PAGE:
his claws were so very enormous; he’d need them to merely possess the perching capabilities needed for such an endeavor. I wasn’t exactly sure
what to think of him; surely, he was part human because he had the face for it. However, at the same time, he possessed physical attributes that would
indicate he was some kind of reptile or bird. I was certain he had scales, but at the same time his wings definitely had feathers. And his tail, the
way it tangled all around his animal-like body, behind his large antlers and long beard, sent a shock down my spine that forced a gasp out of my mouth
as opposed to words. He was a dragon, surely I’d deemed it so.
As I stood there, eyes glued with permanence upon this peculiar creature, my sister was the first to ask, “Are we going in there!?” It took a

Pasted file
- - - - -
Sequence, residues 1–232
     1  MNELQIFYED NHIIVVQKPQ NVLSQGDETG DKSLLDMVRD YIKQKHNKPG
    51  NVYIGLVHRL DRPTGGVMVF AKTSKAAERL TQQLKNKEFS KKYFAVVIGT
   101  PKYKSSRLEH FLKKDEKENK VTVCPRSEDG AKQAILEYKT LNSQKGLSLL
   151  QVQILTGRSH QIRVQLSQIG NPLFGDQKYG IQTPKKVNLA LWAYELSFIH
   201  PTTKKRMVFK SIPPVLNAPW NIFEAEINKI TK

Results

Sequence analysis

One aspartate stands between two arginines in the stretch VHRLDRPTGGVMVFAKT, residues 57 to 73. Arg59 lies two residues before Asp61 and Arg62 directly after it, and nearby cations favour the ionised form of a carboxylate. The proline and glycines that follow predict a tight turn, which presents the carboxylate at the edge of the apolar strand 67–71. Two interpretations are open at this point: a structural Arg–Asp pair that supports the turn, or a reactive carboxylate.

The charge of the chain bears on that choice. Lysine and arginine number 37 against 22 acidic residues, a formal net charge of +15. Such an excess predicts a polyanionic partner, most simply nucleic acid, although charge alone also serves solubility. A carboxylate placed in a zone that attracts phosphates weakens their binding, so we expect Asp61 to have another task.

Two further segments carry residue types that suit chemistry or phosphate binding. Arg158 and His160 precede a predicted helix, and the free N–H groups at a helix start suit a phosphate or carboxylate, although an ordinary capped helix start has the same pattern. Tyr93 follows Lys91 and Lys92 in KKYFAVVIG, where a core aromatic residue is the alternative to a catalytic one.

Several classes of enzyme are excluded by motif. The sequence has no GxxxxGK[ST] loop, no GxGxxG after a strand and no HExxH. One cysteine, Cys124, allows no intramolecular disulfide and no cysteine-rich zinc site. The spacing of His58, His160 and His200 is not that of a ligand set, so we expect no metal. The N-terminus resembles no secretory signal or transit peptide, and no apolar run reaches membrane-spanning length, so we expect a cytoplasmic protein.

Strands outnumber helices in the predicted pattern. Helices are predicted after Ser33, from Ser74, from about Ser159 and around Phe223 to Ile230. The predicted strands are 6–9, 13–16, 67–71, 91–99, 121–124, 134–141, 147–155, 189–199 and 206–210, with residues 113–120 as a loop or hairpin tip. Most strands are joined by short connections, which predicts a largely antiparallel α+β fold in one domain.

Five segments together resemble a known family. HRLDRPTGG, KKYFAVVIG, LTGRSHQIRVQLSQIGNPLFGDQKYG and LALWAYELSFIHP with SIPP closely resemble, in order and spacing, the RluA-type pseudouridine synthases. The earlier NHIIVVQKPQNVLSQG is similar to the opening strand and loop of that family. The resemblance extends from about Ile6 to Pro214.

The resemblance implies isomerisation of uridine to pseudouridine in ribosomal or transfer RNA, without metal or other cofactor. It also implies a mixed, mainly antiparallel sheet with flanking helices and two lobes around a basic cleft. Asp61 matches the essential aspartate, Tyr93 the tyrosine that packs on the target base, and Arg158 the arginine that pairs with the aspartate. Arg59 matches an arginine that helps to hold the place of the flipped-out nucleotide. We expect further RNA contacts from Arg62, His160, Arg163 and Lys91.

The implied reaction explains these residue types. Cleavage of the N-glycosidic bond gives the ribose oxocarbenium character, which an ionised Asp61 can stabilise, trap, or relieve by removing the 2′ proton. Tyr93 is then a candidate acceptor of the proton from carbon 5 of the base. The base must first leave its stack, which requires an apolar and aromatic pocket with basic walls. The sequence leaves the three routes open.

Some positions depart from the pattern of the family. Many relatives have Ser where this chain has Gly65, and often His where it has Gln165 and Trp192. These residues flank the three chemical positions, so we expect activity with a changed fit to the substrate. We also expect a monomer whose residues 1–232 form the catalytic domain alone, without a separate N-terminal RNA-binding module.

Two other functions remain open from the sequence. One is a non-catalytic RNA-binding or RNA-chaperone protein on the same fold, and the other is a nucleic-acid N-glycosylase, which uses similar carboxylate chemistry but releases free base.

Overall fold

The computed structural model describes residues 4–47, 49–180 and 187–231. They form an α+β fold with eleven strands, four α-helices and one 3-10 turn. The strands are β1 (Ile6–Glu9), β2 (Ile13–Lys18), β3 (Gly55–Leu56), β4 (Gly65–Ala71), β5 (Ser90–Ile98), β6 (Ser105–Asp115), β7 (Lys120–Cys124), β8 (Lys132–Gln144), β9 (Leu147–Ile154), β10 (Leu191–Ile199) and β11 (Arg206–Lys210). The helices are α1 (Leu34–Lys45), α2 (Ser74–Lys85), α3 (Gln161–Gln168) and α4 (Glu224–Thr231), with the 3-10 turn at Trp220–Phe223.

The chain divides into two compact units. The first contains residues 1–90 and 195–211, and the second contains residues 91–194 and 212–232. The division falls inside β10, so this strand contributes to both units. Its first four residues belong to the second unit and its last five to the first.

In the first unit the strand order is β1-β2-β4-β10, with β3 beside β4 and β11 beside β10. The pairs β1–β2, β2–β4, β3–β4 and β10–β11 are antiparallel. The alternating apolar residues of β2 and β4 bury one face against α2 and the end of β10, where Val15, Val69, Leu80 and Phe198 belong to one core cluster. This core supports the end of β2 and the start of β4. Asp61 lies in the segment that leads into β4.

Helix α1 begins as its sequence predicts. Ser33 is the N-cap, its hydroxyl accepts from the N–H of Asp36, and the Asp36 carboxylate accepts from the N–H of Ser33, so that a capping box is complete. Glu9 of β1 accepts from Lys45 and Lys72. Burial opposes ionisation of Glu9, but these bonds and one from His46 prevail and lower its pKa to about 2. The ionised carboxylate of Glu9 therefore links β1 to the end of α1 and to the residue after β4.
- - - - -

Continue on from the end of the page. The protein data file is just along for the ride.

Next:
shake of the head to bring me from my daydreams, and it was then that I noticed the caves she was motioning to. Just to the right of the cliff side
painting, a cavern had secured a pathway through inward towards the darkness. A nod from my grandmother made her all the more ecstatic, while for me,
it made me all the more frightful that I was entering this dragon’s territory. Telling myself it was merely a painting did little to stifle my
juvenile fears. Hearing my grandmother explain to us the history of the scaled bird and how the Cahokia natives had painted one in its very likeness
as a possible means to warn travelers that they were entering Cahokia territory only further piqued my curiosity for what the strange creature truly
was. “Legend has it that the bird lived in these caves, sitting and waiting for the next wandering traveler to eat,” my grandmother cooed, no
doubt entertained by the bewildered look on our faces.
edit on 4-8-2017 by ReyaPhemhurth because: (no reason given)